Exactly my kind of beach!

It’s been a while since the boys have done any real swimming, and years since Noe’s actually gotten to swim in the ocean, so we’re taking things easy today.

We’ve visited plenty of beaches in the past few years, but for various reasons they couldn’t swim in Penang or Kep, and didn’t do any swimming on the Oregon Coast.

This will be Riley’s very first time swimming for reals in the ocean.

As his dad, I’m both embarrassed and heartbroken by this fact. But it’s not like we haven’t tried.

We had a week-long getaway booked on a beautiful island off the Cambodian coast last April, but our trip got canceled at the last minute due to a bad virus making the rounds.

So, here we are.

Our time having the beach mostly to ourselves is fleeting, and by 11am, the cove is filling up.

A week into our time here and we’re still uneasy about the number of casual day trippers and tourists wandering about seemingly oblivious to current crisis.

Mexico has been one of the countries hardest hit by COVID in the world, but you’d never know it in Sayulita.

40 minutes to the south in Puerto Vallarta, it’s a whole other story, mainly due to the fact that Jalisco (that state) is at a higher threat level (orange) than Nayarit (this state), which is currently yellow.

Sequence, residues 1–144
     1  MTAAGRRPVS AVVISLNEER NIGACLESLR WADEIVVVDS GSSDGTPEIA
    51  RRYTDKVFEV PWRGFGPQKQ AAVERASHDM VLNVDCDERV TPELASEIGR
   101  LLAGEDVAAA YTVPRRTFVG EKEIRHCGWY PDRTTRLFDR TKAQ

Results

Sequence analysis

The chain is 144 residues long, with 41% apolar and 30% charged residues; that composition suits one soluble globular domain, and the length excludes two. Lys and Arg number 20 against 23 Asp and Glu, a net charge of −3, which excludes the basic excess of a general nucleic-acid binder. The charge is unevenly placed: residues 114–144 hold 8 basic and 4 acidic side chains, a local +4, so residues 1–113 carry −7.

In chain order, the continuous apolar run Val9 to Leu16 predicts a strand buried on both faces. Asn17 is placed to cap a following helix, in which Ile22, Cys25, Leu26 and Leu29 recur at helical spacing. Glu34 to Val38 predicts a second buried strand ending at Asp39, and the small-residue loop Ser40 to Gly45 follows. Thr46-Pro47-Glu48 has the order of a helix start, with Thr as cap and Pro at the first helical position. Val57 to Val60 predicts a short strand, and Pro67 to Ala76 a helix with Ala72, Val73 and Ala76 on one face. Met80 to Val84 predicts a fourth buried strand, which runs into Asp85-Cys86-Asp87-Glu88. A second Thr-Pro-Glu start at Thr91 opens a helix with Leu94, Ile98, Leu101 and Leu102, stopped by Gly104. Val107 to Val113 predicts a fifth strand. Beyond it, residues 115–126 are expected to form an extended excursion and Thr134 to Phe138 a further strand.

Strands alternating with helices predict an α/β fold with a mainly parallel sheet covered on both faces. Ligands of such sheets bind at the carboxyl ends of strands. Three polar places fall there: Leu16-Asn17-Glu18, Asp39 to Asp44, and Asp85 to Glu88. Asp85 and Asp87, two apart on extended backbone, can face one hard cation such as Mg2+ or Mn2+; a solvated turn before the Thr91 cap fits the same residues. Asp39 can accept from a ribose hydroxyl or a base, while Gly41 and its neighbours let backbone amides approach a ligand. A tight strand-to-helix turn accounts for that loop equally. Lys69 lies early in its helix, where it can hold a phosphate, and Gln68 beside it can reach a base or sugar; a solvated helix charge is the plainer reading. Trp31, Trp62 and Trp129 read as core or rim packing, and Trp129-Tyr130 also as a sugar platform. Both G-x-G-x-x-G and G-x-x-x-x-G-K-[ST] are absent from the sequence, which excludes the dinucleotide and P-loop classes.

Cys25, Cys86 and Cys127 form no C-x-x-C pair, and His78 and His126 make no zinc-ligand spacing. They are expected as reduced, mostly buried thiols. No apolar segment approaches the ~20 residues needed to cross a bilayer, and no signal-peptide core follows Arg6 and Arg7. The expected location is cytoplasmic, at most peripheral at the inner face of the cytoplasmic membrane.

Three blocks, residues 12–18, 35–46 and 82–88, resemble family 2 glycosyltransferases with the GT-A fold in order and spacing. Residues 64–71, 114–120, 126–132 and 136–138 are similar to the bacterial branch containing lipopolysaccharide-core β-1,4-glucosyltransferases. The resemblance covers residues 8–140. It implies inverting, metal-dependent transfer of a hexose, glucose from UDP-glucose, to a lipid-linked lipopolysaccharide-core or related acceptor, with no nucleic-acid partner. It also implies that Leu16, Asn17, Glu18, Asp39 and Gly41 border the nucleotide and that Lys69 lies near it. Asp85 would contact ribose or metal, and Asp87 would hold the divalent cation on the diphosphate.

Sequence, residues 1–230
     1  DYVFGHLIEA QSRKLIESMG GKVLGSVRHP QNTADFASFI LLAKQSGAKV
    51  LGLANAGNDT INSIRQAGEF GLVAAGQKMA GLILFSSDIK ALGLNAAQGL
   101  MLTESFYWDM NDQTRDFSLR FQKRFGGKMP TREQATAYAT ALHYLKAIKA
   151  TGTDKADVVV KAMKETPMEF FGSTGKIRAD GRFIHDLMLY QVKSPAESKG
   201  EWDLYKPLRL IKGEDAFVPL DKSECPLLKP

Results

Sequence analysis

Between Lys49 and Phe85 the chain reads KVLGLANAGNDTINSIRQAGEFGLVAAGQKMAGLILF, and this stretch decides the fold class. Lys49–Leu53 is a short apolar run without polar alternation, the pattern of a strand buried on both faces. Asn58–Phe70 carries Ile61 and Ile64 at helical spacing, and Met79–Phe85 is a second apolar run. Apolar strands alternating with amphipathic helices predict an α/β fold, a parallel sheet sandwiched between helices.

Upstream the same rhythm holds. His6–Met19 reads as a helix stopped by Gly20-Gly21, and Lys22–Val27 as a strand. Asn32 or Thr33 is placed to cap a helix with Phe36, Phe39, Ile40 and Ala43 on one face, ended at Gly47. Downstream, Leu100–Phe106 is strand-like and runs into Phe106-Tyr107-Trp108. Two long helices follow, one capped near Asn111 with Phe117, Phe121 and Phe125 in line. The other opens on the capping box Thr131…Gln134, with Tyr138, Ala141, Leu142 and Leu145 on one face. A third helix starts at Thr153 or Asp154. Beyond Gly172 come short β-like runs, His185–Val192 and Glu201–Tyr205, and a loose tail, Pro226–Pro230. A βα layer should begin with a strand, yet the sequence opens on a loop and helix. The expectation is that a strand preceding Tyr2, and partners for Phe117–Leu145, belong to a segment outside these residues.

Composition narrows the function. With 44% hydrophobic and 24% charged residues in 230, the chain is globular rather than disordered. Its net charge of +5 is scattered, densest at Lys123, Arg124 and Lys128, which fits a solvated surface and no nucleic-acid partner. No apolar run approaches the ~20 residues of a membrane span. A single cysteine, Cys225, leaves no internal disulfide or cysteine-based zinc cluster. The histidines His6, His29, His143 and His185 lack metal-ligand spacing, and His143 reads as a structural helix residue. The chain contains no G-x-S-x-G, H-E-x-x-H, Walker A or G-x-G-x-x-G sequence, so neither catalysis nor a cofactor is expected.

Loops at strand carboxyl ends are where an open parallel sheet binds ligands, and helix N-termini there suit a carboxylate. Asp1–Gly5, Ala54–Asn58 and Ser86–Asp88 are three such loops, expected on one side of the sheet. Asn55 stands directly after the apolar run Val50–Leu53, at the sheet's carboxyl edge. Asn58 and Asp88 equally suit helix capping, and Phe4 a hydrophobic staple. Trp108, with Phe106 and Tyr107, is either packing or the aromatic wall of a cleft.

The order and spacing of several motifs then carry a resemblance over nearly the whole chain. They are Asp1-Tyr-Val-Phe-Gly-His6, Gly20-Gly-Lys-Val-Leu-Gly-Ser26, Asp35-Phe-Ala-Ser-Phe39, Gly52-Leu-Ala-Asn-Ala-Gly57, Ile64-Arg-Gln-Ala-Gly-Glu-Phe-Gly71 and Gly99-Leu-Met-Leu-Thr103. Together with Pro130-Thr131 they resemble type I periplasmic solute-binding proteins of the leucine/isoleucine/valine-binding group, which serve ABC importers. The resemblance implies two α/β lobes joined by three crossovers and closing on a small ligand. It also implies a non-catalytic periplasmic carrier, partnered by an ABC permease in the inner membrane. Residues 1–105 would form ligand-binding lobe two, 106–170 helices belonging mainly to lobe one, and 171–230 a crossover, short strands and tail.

Mexico uses a stop-light system to not only indicate where each state is at in terms of cases, risks, and hospital capacity, but also to give people a clearer indication of what the response may look like.

For example, if a state is downgraded from yellow to orange status, they know that all non-essential businesses will be required to operate with 30% of their staff. All restrictions are the same across the board for each color level, no matter which state you are in.

All this to say, once restrictions were loosened in Nayarit (about two weeks ago), it pushed an influx of visitors into our neck of the woods — Mexican day trippers tired of the more severe restrictions in Jalisco (home to both Puerto Vallarta and Guadalajara), and casual tourists from north of the border who would have otherwise headed to Puerto Vallarta, but instead decided to visit the beaches of Nayarit due to the restrictions in PV.

Mexico is also seeing an influx of foreign visitors (particularly from the U.S.) largely owing to two other factors: Few popular overseas vacation destinations are open to short-term American visitors at the moment; and Mexico does not currently require a COVID-19 test or quarantine for international arrivals.